INCOTERMS: shipping terms for importers and exporters in international trade

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Terms of international sales with Incoterms shipping

Incoterms are the standard rules that define the responsibilities of the sellers and buyers under international sales contracts. It is a concept that shows the rights and obligations of sellers and buyers in as much in involve payment and delivery of goods. The rules address the transfer of risks or loss of the goods between the seller and the buyer. The terms of sale clearly indicate the location points for transit that is the collection point and the delivery destinations.

The Incoterms gives particular instructions on the transport routes as well as who is responsible for the paying specific costs in the course of sales. The costs include insurance, transportation charges, customs duty and taxes and delivery charges to the final destination.

International Chamber of Commerce established the set of rules in order for sellers and buyers to understand and clear the confusion of responsibilities on sale transactions. These rules (Incoterms) were first published in 1936 and it has been reviewed overtimes.  The current edition of the rules is Incoterms 2010. The current version of can be used for domestic trade that is within the country.

These set of rules consist of short abbreviation of like three (3) letters showing the responsibility of the seller and buyer.  Incoterms 2010 has eleven (11) set of rules. It is divided into two (2) categories

Incoterms Categories

  • First categories within with 7 rules
  • Second categories with 4 rules

The first category applies to the mode of transportation whether air freight, sea freight or inland routes. It makes it easy for inter-modal transportation. For example, containers shipped through the sea can still be move through truck on the terms of sale on the Incoterms.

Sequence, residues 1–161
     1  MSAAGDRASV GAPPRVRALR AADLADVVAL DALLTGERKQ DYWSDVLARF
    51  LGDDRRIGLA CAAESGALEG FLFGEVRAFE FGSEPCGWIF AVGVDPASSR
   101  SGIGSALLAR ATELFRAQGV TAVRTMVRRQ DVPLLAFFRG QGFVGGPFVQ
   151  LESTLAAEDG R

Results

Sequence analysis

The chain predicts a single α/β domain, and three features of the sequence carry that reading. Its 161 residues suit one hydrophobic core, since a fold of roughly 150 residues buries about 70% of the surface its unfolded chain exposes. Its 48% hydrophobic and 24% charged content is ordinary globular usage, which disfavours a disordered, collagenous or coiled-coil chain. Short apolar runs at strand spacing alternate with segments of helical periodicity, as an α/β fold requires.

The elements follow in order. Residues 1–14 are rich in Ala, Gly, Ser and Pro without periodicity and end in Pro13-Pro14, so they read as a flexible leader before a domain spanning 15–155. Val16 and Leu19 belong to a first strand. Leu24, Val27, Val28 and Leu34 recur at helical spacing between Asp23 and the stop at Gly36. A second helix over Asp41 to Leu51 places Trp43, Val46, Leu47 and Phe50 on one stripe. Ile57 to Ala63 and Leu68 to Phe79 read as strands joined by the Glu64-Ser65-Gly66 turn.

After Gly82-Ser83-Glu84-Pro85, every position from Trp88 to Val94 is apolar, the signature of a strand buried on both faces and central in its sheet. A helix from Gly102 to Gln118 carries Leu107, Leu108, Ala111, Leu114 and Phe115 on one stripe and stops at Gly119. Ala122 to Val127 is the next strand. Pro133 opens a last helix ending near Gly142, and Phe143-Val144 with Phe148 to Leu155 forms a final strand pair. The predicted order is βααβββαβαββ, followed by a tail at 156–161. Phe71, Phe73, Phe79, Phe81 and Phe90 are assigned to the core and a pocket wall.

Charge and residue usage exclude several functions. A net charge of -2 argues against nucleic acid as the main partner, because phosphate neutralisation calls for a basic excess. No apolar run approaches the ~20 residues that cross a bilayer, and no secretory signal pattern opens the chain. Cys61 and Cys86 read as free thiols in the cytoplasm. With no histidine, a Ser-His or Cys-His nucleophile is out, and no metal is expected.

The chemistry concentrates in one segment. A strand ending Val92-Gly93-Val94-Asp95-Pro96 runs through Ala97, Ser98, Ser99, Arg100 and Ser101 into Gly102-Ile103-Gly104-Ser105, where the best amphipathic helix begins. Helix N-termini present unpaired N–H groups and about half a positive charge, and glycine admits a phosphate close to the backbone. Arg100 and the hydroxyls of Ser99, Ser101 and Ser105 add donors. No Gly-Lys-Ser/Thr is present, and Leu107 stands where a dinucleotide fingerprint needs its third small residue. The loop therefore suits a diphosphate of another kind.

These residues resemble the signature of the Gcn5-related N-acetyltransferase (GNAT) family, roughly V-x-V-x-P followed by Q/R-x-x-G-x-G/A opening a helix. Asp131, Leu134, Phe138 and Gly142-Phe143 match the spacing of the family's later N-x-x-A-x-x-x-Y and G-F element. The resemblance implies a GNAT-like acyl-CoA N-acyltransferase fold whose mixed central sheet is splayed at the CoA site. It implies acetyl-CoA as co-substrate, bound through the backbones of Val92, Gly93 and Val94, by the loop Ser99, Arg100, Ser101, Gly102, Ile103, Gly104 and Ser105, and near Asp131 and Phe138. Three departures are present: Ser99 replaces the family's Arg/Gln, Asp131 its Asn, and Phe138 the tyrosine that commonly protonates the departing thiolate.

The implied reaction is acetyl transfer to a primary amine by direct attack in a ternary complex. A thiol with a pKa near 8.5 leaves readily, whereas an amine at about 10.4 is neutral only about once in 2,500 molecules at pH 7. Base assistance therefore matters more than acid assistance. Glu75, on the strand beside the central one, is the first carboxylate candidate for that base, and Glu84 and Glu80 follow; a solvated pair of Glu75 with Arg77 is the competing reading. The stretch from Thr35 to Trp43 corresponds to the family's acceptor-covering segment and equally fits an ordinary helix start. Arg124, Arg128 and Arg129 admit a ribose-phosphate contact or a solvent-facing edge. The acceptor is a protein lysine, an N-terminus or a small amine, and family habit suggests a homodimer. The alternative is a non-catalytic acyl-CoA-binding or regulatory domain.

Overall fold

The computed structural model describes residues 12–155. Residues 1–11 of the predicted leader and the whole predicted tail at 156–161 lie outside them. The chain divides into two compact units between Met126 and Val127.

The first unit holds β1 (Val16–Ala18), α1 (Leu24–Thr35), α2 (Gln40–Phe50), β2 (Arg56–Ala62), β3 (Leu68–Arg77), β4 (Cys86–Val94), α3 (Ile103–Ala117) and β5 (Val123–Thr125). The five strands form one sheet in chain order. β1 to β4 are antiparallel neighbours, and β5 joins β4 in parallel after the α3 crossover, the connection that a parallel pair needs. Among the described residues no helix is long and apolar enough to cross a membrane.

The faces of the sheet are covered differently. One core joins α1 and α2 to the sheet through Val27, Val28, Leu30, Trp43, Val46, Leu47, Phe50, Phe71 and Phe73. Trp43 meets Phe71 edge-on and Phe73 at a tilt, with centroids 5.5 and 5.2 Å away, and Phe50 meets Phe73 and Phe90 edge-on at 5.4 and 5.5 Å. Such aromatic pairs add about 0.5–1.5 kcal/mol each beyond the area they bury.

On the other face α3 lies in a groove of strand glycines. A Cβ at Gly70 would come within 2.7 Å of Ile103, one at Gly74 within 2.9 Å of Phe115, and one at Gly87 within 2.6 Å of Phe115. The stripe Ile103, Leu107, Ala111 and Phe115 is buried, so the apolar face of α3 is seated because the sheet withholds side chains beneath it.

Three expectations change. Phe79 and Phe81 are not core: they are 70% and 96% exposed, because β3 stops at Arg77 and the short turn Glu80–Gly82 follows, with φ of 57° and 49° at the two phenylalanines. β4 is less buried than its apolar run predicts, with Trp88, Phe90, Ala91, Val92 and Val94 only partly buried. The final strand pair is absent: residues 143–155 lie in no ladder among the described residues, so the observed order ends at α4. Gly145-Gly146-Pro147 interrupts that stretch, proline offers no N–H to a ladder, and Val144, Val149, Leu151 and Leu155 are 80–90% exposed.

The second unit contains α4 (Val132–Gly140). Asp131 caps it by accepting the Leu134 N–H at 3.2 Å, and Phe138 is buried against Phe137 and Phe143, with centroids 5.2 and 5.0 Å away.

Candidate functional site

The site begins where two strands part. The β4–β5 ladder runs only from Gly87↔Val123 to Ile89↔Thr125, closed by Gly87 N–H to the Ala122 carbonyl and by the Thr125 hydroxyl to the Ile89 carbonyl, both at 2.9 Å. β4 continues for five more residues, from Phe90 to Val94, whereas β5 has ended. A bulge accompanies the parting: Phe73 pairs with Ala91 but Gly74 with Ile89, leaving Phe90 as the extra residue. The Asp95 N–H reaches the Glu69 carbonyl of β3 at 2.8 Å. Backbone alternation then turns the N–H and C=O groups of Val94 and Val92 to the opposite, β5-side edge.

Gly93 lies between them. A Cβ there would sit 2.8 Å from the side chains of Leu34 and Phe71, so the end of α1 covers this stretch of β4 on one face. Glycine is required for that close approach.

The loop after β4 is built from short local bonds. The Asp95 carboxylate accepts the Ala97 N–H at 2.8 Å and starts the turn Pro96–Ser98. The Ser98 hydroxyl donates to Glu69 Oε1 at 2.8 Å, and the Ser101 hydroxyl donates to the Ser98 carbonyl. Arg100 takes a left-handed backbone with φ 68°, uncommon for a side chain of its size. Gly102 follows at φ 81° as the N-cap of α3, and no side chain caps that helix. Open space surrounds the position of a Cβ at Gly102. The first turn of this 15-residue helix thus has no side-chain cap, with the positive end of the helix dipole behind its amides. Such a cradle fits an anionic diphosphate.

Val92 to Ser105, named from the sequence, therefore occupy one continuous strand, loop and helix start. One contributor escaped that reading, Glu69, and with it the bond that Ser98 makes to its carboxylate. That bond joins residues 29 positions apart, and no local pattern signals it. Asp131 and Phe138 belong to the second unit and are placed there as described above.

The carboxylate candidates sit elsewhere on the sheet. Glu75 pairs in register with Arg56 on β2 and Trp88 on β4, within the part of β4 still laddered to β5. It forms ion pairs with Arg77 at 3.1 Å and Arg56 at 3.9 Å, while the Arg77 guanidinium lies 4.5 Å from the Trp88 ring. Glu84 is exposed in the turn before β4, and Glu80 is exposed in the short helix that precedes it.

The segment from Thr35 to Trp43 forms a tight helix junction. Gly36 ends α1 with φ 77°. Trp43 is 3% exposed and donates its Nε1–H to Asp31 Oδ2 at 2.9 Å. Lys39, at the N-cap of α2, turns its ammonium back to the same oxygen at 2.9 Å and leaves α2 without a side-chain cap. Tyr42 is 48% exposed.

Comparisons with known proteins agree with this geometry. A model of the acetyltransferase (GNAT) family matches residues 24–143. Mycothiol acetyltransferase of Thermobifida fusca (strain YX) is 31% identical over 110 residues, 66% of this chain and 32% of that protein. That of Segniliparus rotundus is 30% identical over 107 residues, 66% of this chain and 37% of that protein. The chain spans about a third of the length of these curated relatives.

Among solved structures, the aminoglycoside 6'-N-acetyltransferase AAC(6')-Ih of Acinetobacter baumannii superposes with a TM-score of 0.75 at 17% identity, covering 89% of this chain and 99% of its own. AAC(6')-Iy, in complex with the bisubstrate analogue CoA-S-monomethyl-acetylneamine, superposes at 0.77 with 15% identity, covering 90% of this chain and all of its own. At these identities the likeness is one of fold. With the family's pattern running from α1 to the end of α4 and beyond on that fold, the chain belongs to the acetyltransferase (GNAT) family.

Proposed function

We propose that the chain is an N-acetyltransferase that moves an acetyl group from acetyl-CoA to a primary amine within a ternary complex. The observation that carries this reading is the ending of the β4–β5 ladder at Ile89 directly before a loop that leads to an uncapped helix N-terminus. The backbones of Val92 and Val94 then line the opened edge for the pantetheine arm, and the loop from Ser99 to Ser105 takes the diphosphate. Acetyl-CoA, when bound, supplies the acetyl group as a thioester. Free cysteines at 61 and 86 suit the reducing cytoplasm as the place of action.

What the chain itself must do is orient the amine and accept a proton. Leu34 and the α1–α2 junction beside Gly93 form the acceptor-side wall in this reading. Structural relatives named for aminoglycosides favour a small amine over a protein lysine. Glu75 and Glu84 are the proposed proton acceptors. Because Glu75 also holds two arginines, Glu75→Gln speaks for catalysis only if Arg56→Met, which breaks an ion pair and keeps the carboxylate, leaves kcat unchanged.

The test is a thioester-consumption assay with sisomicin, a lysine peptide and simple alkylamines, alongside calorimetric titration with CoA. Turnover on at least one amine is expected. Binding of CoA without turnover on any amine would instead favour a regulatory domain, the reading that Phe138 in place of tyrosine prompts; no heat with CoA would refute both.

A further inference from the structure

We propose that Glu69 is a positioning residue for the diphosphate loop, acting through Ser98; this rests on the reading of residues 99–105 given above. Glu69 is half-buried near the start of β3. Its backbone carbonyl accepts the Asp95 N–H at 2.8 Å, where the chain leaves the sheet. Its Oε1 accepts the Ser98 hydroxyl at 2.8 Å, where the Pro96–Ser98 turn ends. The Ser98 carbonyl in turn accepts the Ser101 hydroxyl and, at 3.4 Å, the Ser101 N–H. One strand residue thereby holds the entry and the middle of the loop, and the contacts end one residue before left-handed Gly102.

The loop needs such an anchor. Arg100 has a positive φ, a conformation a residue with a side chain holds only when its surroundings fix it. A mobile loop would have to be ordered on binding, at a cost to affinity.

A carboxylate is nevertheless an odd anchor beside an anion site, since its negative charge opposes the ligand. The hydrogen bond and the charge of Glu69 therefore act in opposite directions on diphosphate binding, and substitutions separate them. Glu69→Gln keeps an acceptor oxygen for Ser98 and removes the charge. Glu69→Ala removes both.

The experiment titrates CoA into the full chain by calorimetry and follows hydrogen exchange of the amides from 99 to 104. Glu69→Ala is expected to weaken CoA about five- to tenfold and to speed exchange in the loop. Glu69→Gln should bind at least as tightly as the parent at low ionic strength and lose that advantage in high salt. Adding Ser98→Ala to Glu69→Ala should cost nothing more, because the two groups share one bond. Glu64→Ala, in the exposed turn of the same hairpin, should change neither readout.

Now, let’s highlight the seven rules;

  • Delivered Duty Paid (DDP)
  • Delivered At Place (DAP)
  • Exwork (ExW)
  • Carriage Paid To (CPT)
  • Delivered At Terminal (DAT)
  • Free Carrier (FCA)
  • Carriage and Insurance Paid To (CIP)

The second category applied only to sea and inland water route transport. The carriage begins and ends at the port. It is not right to use these rules if it with include delivery at a terminal or an inland destination. These rules must indicate the place of shipment or delivery destination.

  • Free Alongside Ship (FAS)
  • Free on Board (FOB)
  • Cost and Freight (CFR)
  • Cost Insurance and Freight (CIF)

Importers and exporters need to understand these set of rules in order to safeguard each party interests. It also assists in the analysis of the responsibilities of seller and buyer in any sale transaction.

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Follow Michael Adewale:

International Freight Forwarding & Shipping Consultant

He is a graduate of B.Sc geography from Obafemi Awolowo University, Ile-Ife, Nigeria. He loves logistics and Brand building. He is Chief Operations officer at Distinctcushy Freight, a Freight forwarding company in Lagos, Nigeria. He loves integrity and value honesty with importers and Exporters in Nigeria and abroad.

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